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RFID In Government Issued ID? 89

RFID! writes, "The Department of Homeland Security's Data Privacy and Integrity Advisory Committee published a draft report that poured cold water on using RFID in government-mandated identity cards and documents (PDF link). But this met with some consternation among the DHS bureaus that plan to use RFID in this way and the businesses eager to sell the technology to the government, and now a vote on the report has been delayed until December."
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RFID In Government Issued ID?

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  • by maynard ( 3337 ) <> on Wednesday October 25, 2006 @12:43AM (#16572278) Journal
    From Jim Harper's blog post:

    RFID offers no anti-forgery or anti-tampering benefit over other digital technologies that can be used in identification cards - indeed it has greater security weaknesses than alternatives. And RFID has only negligible benefits in terms of speed and convenience because it does not assist with the comparison between the identifiers on a card and the bearer of the card. This is what takes up all the time in the process of identifying someone.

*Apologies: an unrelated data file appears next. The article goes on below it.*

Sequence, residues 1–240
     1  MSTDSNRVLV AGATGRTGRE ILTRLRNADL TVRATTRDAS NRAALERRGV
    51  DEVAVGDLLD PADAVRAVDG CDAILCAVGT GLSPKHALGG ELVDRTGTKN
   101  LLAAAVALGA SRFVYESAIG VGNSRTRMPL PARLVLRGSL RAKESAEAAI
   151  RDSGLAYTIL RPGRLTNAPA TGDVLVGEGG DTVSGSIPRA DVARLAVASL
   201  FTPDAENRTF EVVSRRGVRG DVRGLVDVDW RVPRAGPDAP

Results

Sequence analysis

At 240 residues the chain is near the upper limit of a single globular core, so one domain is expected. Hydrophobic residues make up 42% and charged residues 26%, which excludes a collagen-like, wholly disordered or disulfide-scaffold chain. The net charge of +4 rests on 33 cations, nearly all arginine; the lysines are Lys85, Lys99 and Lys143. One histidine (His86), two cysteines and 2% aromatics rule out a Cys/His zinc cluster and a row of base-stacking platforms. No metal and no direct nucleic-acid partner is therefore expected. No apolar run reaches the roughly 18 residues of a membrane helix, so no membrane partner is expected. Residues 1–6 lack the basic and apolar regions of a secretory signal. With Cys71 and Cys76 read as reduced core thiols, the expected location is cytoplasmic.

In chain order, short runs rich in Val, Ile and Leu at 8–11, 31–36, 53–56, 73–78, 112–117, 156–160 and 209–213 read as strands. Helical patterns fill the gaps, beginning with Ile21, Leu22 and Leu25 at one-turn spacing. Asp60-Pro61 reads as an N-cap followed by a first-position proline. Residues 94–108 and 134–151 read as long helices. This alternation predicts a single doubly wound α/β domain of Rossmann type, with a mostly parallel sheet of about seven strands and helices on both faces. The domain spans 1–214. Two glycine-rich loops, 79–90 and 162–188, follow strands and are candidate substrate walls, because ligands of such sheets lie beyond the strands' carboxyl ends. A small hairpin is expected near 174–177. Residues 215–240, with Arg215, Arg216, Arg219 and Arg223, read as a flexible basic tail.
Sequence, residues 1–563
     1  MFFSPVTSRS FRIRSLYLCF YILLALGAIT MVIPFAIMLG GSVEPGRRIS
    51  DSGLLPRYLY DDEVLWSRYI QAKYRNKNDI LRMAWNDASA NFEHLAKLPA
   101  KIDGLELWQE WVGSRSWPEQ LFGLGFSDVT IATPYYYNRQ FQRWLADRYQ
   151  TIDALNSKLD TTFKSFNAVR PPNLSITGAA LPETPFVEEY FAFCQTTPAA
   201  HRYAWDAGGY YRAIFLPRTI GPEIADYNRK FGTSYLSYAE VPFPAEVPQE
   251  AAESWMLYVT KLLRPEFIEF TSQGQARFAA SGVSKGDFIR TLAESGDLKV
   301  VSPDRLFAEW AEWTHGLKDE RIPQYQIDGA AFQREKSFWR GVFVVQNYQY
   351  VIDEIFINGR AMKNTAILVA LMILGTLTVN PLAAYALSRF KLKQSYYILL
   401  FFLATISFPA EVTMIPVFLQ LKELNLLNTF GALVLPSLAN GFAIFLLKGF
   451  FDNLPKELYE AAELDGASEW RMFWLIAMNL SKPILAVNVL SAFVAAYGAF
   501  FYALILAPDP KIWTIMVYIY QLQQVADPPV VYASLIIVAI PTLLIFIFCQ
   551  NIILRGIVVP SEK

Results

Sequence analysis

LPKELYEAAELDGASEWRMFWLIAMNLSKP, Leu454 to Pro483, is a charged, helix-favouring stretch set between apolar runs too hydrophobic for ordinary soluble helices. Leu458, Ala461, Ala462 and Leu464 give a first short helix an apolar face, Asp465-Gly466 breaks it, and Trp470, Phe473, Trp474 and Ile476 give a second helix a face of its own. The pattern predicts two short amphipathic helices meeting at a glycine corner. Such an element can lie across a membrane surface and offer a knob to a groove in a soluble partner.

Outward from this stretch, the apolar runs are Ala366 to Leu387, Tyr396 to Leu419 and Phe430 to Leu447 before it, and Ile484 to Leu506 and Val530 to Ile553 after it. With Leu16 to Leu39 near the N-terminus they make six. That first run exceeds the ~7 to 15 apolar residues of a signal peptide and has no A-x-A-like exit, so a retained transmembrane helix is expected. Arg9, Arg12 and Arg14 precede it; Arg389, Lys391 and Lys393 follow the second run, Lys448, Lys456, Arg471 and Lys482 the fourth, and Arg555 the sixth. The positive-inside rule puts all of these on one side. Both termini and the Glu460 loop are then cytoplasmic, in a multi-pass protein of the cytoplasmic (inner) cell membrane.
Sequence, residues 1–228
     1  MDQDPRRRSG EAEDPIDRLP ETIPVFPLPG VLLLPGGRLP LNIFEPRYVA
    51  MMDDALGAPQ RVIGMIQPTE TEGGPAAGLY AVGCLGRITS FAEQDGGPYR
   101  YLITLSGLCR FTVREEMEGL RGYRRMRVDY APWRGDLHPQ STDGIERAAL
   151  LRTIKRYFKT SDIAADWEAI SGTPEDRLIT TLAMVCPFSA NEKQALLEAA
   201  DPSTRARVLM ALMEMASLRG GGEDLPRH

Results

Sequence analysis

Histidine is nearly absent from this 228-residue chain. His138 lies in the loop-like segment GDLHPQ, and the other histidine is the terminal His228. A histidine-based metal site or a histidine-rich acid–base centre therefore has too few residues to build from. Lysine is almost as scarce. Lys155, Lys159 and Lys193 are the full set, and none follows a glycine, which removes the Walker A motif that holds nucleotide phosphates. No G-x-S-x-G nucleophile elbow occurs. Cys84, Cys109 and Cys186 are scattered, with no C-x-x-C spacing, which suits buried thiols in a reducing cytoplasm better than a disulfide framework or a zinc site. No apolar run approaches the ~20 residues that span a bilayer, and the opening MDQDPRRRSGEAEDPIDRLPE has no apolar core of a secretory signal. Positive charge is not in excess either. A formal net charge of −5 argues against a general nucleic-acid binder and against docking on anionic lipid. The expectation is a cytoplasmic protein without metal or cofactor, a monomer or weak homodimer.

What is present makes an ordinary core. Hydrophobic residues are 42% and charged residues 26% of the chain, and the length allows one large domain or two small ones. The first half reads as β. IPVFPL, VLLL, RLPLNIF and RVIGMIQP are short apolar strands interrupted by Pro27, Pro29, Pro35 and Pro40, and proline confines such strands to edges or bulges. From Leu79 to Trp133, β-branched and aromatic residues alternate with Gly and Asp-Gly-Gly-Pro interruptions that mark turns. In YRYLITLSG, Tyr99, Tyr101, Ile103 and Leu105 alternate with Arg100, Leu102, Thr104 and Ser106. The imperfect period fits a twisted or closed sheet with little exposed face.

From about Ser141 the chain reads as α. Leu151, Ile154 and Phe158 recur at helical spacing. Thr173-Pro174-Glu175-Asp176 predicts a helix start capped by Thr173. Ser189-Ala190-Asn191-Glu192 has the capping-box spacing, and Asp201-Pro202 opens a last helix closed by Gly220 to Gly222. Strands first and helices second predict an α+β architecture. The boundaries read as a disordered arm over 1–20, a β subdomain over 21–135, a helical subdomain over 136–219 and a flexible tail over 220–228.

He's saying it isn't any better than other card systems, and it doesn't solve the principal security problem - that of identifying the owner. I bet, however, that if one were to somehow solve the confirmation of identity issue - such as by injecting or surgically implanting and RFID chip - he might change his mind.

    I think one could argue that Mr. Harper doesn't oppose RFID as much as he finds it impotent.
  • by guisar ( 69737 ) on Wednesday October 25, 2006 @12:44AM (#16572282) Homepage
    Here it is. There's only one way to stop the madness- a clean sweep! So mark Nov 7th on your calendar and make sure to read the manual for the automated voting machine and of course, bring your ID. For your safety and convenience there's no need to stick it a slot or show it to the attendent; just pass it it by this handy reader.... We know who you are.
  • by Kadin2048 ( 468275 ) <> on Wednesday October 25, 2006 @01:11AM (#16572464) Homepage Journal